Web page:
Pareto distribution

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The Pareto distribution , named after the Italian civil engineer , economist , and sociologist Vilfredo Pareto , is a power law probability distribution that is used in description of social , scientific , geophysical , actuarial , and many other types of observable phenomena. Definition If X is a random variable with a Pareto (Type I) distribution, then the probability that X is greater than some number x, i.e. the survival function (also called tail function), is given by where x is the (necessarily positive) minimum possible value of X, and α is a positive parameter. The Pareto Type I distribution is characterized by a scale parameter x and a shape parameter α, which is known as the tail index. When this distribution is used to model the distribution of wealth, then the parameter α is called the Pareto index . Properties Cumulative distribution function From the definition, the cumulative distribution function of a Pareto random variable with parameters α and x is Probability density function It follows ( ...more...



Foveon X3 sensor

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The Foveon X3 sensor is an image sensor for digital cameras, designed by Foveon, Inc. (now part of Sigma Corporation ) and manufactured by Dongbu Electronics. It uses an array of photosites, each of which consists of three vertically stacked photodiodes , organized in a two-dimensional grid. Each of the three stacked photodiodes responds to different wavelengths of light; that is, each has a different spectral sensitivity curve. This difference is because different wavelengths of light penetrate silicon to different depths. The signals from the three photodiodes are then processed, resulting in data that provides the amounts of three additive primary colors , red, green, and blue. The sensor was first deployed in 2002 in the Sigma SD9 DSLR camera, and most recently in Sigma SD14 which was released in 2007 and Sigma DP2 from 2012. The development of the Foveon X3 technology is the subject of the 2005 book The Silicon Eye by George Gilder . Operation Color absorption in silicon and the Foveon X3 sensor. See t ...more...



Orbital hybridisation

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In chemistry , orbital hybridisation (or hybridization ) is the concept of mixing atomic orbitals into new hybrid orbitals (with different energies, shapes, etc., than the component atomic orbitals) suitable for the pairing of electrons to form chemical bonds in valence bond theory . Hybrid orbitals are very useful in the explanation of molecular geometry and atomic bonding properties. Although sometimes taught together with the valence shell electron-pair repulsion (VSEPR) theory , valence bond and hybridisation are in fact not related to the VSEPR model. History Chemist Linus Pauling first developed the hybridisation theory in 1931 in order to explain the structure of simple molecules such as methane (CH) using atomic orbitals . Pauling pointed out that a carbon atom forms four bonds by using one s and three p orbitals, so that "it might be inferred" that a carbon atom would form three bonds at right angles (using p orbitals) and a fourth weaker bond using the s orbital in some arbitrary direction. In real ...more...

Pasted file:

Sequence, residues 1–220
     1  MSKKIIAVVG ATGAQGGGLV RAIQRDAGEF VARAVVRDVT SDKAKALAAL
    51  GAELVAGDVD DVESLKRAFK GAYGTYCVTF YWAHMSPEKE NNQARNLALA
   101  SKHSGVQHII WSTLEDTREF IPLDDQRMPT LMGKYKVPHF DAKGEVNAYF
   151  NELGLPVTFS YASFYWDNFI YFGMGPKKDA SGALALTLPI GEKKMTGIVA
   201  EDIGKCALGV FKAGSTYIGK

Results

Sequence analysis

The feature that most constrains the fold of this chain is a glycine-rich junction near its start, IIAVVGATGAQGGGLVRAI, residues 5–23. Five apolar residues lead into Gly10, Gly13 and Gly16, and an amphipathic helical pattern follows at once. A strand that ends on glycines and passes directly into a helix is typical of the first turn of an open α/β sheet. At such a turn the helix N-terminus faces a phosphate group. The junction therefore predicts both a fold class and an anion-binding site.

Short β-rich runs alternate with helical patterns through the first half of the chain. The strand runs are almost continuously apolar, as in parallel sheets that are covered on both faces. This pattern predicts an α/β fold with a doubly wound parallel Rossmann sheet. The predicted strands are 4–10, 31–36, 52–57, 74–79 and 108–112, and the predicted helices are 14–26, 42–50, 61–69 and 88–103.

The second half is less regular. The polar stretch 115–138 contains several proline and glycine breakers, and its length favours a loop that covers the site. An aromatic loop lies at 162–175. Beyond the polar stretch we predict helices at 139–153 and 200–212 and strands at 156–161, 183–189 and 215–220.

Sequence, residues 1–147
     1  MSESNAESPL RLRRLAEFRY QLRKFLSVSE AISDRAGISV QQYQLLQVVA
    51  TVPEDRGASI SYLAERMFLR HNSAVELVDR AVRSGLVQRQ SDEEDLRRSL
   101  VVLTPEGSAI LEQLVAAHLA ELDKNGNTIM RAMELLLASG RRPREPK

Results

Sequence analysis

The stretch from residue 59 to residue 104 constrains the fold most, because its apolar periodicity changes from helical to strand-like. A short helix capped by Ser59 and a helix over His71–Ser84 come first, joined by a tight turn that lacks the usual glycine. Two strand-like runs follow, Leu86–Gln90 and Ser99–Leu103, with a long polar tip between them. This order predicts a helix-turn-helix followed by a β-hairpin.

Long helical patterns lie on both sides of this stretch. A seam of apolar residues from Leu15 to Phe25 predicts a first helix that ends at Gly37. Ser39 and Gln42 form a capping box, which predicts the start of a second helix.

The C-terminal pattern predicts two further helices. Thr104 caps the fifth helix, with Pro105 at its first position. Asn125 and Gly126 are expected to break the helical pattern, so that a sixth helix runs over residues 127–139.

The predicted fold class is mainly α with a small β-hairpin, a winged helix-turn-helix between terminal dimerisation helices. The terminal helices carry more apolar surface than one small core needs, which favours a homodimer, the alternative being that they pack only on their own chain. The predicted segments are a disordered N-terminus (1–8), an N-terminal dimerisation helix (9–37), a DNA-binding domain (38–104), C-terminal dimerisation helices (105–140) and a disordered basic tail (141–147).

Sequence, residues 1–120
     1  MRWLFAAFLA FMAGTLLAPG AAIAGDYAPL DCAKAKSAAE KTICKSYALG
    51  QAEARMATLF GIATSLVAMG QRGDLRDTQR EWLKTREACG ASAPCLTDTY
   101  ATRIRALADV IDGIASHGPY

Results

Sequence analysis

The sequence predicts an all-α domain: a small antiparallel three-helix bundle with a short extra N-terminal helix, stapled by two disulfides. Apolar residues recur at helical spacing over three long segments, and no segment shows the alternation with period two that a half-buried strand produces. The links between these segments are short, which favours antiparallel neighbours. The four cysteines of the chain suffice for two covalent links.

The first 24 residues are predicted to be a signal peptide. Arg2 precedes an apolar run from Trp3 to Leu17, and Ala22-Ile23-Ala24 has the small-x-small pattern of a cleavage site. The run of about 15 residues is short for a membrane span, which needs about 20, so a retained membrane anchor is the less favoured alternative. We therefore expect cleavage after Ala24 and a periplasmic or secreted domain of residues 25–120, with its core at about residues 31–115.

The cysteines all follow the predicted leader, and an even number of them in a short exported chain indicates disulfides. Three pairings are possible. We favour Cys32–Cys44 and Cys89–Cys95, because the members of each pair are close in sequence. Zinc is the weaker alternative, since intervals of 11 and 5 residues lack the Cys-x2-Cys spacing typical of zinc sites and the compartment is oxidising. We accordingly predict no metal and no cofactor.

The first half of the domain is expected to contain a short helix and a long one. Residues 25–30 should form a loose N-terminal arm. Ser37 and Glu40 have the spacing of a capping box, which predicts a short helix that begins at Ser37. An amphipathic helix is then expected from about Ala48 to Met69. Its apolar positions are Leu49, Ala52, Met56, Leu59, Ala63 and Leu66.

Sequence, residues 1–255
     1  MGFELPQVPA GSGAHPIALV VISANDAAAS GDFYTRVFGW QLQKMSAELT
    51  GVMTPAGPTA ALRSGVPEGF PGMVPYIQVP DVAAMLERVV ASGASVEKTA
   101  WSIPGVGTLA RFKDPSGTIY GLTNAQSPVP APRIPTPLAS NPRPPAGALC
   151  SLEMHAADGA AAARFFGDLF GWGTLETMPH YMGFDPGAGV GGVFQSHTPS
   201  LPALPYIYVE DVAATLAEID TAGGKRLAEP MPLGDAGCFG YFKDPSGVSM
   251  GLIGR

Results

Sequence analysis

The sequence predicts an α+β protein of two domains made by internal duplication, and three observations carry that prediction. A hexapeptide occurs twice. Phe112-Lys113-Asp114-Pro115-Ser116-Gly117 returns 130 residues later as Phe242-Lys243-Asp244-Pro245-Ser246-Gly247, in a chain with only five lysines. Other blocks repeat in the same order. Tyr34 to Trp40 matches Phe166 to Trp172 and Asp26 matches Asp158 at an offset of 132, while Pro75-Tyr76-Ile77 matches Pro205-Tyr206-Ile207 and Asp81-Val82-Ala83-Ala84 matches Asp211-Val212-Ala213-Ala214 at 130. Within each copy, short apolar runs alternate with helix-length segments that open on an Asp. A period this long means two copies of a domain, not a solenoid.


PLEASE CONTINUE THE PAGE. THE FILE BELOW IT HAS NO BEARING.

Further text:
Gamma matrices

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In mathematical physics , the gamma matrices , { γ 0 , γ 1 , γ 2 , γ 3 } {\displaystyle \{\gamma ^{0},\gamma ^{1},\gamma ^{2},\gamma ^{3}\}} , also known as the Dirac matrices , are a set of conventional matrices with specific anticommutation relations that ensure they generate a matrix representation of the Clifford algebra Cℓ( R ). It is also possible to define higher-dimensional gamma matrices . When interpreted as the matrices of the action of a set of orthogonal basis vectors for contravariant vectors in Minkowski space , the column vectors on which the matrices act become a space of spinors , on which the Clifford algebra of spacetime acts. This in turn makes it possible to represent infinitesimal spatial rotations and Lorentz boosts . Spinors facilitate spacetime computations in general, and in particular are fundamental to the Dirac equation for relativistic spin-½ particles. In Dirac representation , the four contravariant gamma matrices are γ 0 {\displaystyle \gamma ^{0}} is the time-like matrix and ...more...